Writing Secrets: A character’s voice speaks of who they really are
We never forget our first loves, do we? Not in life and certainly not in fiction. Last week’s blog caused in me a nostalgic sigh for the days when I sought high and low for my own Joshua Shapiro.
The appeal of Mordecai Richler’s memorable character lies to a great extent in his voice. And, as I said, a fictional character’s voice will reflect not only their facility with words, but also their place in the world.
It emerges from their background, the sum of their experiences, their triumphs and disappointments. It’s their world view, their humour and attitudes which come through both when they think and when they speak.
Having disposed of McMaster with a rash promise to read his stuff, Joshua was unaccountably apprehensive. A conditioned reflex, possibly; after all, he was still Reuben Shapiro’s boy and a cop in the house was no way to start his day…
Yes, language and grammatical idiosyncrasies affect voice. But your character’s interests, beliefs and situation will be reflected just as much in the way they speak and think, possibly even more.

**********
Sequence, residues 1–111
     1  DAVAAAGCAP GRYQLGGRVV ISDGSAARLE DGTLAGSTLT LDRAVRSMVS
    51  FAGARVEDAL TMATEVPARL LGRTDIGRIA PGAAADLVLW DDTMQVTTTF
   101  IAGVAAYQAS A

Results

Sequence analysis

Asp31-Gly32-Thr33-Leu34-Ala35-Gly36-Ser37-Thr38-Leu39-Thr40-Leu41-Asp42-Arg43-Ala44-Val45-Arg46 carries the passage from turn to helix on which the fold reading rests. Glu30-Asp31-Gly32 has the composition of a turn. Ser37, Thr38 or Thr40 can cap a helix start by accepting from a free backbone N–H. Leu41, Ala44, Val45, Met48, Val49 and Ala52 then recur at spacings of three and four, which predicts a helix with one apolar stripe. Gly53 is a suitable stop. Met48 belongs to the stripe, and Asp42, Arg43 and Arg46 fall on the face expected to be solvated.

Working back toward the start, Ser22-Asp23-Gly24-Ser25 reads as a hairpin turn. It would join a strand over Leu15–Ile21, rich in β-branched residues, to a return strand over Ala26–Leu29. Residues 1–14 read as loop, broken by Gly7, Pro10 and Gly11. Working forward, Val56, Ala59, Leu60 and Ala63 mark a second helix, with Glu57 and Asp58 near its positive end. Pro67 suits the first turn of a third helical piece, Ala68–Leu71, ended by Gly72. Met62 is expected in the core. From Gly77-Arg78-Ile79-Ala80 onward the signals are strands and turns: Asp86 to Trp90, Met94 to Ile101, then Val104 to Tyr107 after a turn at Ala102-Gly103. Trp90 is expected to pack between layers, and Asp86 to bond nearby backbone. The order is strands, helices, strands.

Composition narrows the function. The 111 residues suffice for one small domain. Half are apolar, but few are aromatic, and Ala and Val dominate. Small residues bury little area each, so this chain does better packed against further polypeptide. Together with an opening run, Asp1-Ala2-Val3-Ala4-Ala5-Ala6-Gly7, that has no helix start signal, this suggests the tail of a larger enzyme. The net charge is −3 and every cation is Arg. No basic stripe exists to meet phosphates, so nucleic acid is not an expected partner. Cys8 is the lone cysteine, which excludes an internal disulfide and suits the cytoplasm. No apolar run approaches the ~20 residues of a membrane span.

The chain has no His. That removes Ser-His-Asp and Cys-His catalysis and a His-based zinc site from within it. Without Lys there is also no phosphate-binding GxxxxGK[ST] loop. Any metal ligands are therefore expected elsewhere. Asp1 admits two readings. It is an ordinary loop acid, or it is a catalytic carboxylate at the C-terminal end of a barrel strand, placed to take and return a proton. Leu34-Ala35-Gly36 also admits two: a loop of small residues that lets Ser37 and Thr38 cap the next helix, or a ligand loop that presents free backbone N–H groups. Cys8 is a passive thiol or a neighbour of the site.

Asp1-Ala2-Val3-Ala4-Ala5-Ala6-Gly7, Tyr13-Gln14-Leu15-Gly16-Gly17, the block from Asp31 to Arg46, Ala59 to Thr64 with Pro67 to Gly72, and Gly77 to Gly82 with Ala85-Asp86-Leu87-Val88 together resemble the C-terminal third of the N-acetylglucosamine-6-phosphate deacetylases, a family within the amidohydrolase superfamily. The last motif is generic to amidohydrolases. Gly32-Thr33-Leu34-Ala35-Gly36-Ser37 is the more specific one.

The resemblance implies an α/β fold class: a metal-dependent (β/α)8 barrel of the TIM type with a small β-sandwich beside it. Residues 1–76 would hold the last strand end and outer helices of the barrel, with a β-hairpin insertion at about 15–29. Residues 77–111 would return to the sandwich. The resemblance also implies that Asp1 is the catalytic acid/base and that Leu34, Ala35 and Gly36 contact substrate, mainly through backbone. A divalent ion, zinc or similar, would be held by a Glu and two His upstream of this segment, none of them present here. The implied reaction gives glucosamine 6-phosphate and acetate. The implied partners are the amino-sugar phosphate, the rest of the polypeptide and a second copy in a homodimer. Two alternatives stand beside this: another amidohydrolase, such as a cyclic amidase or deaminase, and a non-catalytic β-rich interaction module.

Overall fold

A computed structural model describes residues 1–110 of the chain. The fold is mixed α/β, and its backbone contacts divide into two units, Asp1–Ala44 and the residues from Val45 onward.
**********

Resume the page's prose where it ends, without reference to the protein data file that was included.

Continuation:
Their references may be to books or art. Their metaphors might be biblical, or sporting, or perhaps have to do with teeth, if they’re a dentist, or to wood, if they happen to be a carpenter.
In the beginning, we were just about in the same boat as Adam and Eve. We had to learn the names of everything. – The Poisonwood Bible by Barbara Kingsolver.
They might speak with ease about some arcane subject, but their words will also show us something of the way they view the world:
There are two occasions when the sacred beauty of Creation becomes dazzlingly apparent, and they occur together. One is when we feel our mortal insufficiency to the world, and the other is when we feel the world’s mortal insufficiency to us. – Gilead by Marilynne Robinson.
But I’m going to finish with another passage which shows Joshua’s irreverent spirit, his view of society and the people in it:
Peabody was bankrolling and editing a little magazine, a typically snobbish and quixotic venture, with stories and poems in French, Spanish and Italian as well as English, lavishing the last of his inheritance on his favoured writers.